Chicago Bears: 5 Players Who Will Surprise in Training Camp

Matt EurichAnalyst IJuly 16, 2013

Chicago Bears: 5 Players Who Will Surprise in Training Camp

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    In just a little over a week, the Chicago Bears will be reporting to Olivet Nazarene University on July 25 in Bourbonnais, Ill., to begin their 2013 training camp.

    While many players seemingly have a lock on their position, there are still many spots that will be wide open.  All throughout the league, there will be late-round and undrafted players trying to make a name for themselves in this year's training camp.

    The Bears appear to have starters locked in at key positions (Jay Cutler at quarterback, Brandon Marshall at wide receiver, Lance Briggs at weak-side linebacker) but could have plenty of openings available at other positions.  While many big-name players will be getting all of the recognition, there will be plenty of players who could step up before the regular season starts.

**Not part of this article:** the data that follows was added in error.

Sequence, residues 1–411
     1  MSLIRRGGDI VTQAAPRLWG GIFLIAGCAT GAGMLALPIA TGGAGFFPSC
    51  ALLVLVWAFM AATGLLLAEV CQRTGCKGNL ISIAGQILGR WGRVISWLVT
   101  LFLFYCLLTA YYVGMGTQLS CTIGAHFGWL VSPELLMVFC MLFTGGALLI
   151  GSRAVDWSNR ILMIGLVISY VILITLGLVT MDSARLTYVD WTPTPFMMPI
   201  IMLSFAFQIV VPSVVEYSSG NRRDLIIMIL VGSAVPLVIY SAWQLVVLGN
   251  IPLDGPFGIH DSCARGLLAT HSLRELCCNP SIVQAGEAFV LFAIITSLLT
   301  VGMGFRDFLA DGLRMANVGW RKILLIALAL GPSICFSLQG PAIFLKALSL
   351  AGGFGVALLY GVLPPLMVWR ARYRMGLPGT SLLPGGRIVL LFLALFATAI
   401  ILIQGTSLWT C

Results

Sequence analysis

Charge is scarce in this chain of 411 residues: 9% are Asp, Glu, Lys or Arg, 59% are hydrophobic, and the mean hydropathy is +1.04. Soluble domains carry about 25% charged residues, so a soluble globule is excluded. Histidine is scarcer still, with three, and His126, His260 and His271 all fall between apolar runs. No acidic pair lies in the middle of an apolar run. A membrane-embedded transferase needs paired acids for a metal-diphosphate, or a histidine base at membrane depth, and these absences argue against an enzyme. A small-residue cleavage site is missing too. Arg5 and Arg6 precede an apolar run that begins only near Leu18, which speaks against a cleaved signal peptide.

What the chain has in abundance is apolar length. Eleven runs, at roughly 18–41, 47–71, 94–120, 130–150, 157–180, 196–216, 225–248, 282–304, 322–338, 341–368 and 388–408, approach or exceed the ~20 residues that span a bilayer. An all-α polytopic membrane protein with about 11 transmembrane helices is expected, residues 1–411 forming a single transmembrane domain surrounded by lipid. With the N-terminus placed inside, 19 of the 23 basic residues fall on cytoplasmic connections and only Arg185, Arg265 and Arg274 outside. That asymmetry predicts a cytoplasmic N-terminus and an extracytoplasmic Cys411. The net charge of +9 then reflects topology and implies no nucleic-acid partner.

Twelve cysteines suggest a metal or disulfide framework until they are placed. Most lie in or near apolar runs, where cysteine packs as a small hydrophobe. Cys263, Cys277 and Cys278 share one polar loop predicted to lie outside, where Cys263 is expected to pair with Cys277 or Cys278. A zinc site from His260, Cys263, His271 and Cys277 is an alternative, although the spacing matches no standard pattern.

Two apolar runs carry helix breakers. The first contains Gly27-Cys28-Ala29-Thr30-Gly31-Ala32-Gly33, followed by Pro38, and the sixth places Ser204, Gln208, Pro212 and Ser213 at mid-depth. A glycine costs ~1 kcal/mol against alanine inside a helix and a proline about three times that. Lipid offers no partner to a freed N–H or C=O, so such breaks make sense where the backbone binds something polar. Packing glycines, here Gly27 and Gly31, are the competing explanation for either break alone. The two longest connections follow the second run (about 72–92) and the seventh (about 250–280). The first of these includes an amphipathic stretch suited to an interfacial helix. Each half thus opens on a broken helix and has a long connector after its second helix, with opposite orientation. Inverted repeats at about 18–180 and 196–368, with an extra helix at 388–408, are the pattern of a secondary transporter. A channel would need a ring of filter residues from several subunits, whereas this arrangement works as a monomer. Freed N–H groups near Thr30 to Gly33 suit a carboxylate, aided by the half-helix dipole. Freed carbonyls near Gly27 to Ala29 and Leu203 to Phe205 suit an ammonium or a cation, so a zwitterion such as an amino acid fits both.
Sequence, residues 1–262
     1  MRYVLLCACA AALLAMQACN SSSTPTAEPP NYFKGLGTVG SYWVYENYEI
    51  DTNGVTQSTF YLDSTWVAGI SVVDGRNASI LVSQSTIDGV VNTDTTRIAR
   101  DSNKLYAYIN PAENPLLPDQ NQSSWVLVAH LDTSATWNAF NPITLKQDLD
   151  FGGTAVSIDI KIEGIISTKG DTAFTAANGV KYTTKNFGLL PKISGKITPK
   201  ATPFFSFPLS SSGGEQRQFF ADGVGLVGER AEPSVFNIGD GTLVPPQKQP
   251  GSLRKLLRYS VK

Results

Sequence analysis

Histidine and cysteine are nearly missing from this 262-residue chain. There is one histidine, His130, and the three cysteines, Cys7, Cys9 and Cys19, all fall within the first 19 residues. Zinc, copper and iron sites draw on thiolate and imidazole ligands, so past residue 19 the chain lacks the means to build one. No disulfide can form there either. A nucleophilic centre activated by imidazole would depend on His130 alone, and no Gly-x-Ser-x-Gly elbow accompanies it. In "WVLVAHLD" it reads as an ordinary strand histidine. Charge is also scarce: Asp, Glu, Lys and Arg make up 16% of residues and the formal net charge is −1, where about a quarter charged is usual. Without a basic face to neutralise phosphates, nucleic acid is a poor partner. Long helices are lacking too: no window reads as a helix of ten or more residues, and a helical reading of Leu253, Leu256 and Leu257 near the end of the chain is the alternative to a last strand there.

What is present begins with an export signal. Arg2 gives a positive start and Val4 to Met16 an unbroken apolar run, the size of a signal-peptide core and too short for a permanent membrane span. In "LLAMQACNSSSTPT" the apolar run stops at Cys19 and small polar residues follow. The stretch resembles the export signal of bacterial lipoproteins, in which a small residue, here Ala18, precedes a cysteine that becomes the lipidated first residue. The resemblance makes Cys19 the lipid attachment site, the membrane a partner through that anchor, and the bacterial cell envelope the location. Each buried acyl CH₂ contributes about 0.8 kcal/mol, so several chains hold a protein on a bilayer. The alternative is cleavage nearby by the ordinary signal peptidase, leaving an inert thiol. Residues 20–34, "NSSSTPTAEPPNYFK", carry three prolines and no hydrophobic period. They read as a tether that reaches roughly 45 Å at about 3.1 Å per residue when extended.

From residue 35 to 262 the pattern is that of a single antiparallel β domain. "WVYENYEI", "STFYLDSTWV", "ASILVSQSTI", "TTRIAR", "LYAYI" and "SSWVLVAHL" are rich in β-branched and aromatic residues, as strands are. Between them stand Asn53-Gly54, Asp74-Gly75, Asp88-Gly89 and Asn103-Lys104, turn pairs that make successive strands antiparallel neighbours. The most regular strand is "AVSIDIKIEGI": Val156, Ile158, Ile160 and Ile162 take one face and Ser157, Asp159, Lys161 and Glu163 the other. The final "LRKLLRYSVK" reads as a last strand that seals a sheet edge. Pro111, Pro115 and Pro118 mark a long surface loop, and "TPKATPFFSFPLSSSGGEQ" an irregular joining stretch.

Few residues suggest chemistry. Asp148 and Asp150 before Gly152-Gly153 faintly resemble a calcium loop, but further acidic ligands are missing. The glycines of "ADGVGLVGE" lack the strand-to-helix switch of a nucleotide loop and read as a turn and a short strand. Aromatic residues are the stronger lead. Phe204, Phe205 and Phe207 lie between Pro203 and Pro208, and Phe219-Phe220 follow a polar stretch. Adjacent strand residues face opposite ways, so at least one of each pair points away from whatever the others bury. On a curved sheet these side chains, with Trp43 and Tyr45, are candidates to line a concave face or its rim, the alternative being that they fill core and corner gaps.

Here are five Chicago Bears who will surprise people in training camp.

Jon Bostic, Linebacker

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    Following the departure and subsequent retirement of Brian Urlacher, the Bears bolstered their linebacker position with the addition of Jon Bostic in the second round of April's draft. 

    Despite the Bears signing veterans D.J. Williams and James Anderson, Bostic's ability to stop the run as well as drop back in coverage could help him push for the starting middle linebacker position.

    Williams is believed to be the team's starting middle linebacker in the immediate future, but if Bostic shows the ability to transition well in defensive coordinator Mel Tucker's defense, he could force Williams to take over Anderson's spot on the strong side and become the team's middle linebacker.

    Despite being a second-round pick, he may not be viewed by many as a potential camp surprise, but if he gets opportunities to work with the first-team defense, he will get a chance to steal the middle linebacker spot.

     

Michael Ford, Running Back

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    It came as a shock that Michael Ford decided to forgo his senior season at LSU and enter the NFL draft after compiling just 392 yards and three touchdowns in 2012.